Favre says he is no longer suing Pat McAfee

Hall of Fame quarterback Brett Favre said Thursday that he is no longer suing former NFL player and national sports commentator Pat McAfee for defamation.

“I’m happy that Pat McAfee and I have settled this litigation,” Favre tweeted. “Like Pat said, he was attempting to be funny and not commenting based on any personal knowledge. We’d both much rather talk about football.”

McAfee said on “The Pat McAfee Show” that Favre is withdrawing the suit against him.

“As I have previously stated, I respect the hell out of Brett Favre the football player and his Hall of Fame career on the field, and I have no personal knowledge about any case involving Brett in Mississippi,” McAfee said. “I am pleased to report that based solely on me again clarifying these points now, with no settlement paid, Brett is withdrawing his suit against me.”

A spokesperson for Favre declined to comment further.

Favre sued McAfee in February over comments he made about Favre’s involvement in a sprawling welfare case in Mississippi over millions of dollars in government money that were diverted to the rich and powerful. According to the suit, McAfee called Favre a “thief” who was “stealing from poor people in Mississippi” on “The Pat McAfee Show.” The suit also accused McAfee of making similar remarks on Twitter. (McAfee also works for ESPN.)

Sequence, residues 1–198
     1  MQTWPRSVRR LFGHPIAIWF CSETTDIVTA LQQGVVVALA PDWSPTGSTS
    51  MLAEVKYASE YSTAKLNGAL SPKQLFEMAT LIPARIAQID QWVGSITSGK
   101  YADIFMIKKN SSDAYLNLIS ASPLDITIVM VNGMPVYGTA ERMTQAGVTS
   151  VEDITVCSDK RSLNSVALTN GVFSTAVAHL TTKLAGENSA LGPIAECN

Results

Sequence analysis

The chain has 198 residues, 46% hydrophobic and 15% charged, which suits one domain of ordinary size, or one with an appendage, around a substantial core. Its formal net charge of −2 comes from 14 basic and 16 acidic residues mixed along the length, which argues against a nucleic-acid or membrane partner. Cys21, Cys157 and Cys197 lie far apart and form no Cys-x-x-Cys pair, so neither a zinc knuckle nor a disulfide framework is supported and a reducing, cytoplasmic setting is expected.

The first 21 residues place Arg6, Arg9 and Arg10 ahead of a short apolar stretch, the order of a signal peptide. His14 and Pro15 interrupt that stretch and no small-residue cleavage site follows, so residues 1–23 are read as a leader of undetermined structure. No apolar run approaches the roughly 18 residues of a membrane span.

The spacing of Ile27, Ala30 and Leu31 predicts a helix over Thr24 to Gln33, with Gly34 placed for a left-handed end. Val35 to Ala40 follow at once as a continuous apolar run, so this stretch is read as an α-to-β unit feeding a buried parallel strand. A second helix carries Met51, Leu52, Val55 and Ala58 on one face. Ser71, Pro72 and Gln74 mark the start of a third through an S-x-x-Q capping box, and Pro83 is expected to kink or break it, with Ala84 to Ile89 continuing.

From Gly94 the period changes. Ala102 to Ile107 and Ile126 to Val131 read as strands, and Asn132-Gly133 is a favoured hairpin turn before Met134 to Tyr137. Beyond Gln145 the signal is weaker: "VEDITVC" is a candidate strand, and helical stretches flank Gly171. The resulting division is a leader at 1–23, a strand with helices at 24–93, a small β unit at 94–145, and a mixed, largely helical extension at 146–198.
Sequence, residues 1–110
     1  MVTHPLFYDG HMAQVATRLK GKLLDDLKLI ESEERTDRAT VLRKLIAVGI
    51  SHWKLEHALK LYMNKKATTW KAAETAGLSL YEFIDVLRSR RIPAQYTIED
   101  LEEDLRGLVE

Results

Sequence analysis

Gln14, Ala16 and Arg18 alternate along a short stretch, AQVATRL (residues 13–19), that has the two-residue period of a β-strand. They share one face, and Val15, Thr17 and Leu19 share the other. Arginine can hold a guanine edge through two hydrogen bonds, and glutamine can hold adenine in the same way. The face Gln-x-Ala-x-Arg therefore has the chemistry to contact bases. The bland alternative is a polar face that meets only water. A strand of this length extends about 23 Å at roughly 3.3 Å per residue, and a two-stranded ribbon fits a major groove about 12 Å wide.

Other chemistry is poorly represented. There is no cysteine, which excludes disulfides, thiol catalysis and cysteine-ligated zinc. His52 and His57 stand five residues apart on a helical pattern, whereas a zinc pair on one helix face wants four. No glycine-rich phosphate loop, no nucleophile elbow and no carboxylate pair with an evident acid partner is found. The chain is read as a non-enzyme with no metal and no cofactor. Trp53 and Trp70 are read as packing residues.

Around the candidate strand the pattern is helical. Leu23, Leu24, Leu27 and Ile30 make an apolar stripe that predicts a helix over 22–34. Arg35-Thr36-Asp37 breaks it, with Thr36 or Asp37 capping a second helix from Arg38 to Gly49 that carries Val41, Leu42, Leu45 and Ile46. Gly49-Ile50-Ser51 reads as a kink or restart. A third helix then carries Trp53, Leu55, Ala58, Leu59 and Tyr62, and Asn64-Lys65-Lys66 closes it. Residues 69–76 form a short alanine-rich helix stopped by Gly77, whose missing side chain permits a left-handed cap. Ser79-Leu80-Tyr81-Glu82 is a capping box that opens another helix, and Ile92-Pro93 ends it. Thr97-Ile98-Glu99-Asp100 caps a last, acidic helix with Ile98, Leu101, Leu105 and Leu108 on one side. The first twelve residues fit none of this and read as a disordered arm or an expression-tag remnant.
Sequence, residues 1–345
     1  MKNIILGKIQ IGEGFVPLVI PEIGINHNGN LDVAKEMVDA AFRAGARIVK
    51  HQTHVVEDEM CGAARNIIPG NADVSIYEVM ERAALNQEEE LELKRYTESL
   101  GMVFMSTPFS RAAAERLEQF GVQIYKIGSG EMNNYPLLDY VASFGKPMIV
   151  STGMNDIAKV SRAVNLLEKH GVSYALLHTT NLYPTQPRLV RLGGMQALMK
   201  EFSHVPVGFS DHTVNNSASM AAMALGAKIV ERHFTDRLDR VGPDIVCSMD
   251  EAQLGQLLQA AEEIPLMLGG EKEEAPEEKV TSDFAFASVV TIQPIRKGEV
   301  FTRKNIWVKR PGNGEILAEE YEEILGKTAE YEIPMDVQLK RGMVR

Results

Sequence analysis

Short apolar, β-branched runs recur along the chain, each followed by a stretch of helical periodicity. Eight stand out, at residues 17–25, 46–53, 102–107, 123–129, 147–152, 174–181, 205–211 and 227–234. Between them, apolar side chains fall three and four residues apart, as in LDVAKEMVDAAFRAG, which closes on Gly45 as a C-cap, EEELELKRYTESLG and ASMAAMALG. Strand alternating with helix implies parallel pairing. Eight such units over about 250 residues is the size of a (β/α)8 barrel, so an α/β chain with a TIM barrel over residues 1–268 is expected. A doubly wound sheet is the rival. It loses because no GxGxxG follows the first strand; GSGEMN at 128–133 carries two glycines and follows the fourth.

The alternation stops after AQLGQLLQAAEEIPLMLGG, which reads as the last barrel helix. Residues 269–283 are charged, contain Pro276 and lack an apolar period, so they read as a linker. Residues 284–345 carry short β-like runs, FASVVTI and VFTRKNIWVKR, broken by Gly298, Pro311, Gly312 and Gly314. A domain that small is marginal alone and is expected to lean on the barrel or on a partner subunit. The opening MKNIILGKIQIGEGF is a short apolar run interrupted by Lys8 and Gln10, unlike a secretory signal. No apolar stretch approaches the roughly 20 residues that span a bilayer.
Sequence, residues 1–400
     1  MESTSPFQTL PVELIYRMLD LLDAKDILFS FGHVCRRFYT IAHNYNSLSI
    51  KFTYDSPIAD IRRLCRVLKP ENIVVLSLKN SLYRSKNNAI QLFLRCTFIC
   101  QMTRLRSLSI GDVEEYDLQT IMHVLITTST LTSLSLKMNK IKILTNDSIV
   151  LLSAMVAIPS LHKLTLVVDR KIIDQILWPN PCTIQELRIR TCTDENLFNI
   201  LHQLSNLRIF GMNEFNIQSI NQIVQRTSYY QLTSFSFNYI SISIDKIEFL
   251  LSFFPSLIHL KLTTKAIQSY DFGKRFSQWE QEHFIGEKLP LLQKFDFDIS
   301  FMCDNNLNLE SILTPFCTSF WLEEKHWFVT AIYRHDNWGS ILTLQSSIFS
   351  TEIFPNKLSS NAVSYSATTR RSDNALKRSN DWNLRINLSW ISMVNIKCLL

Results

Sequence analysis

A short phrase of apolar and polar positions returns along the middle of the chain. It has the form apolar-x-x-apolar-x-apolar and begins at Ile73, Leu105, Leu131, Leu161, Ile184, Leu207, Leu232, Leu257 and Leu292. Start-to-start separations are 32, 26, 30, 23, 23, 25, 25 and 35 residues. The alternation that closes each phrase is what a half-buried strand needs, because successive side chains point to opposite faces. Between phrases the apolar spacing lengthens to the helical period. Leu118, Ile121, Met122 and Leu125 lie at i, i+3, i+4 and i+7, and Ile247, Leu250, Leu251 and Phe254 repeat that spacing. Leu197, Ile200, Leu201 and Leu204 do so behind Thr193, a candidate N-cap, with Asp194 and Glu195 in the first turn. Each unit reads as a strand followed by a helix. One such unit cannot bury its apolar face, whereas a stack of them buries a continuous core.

Favre still has defamation lawsuits pending against former NFL player Shannon Sharpe and Mississippi Auditor Shad White.

Favre said Sharpe made “egregiously false” statements about him on the FS1 talk show “Skip and Shannon: Undisputed,” including that Favre “stole money from people that really needed money.”

Sharpe’s attorneys have asked a federal judge to dismiss the case, writing in a May 3 filing: “Mississippi law protects Sharpe’s right to make caustic and critical comments on Favre’s involvement in a matter of public concern: the misspending of welfare funds intended for poor Mississippi families.”

White’s attorneys have said Favre cannot prove malice in any statements the auditor has made about the welfare case.

Favre is a defendant in a civil lawsuit from the state seeking to recoup some of the misspent money.

A state audit published in 2020 found that at least $77 million in Temporary Assistance for Needy Families (TANF) funds were misspent. Eight people have been indicted, six of whom have pleaded guilty. Favre has not been criminally charged. Last month, a judge ruled that Favre would remain in the civil suit. He has since demanded a jury trial.

The Associated Press contributed to this report.

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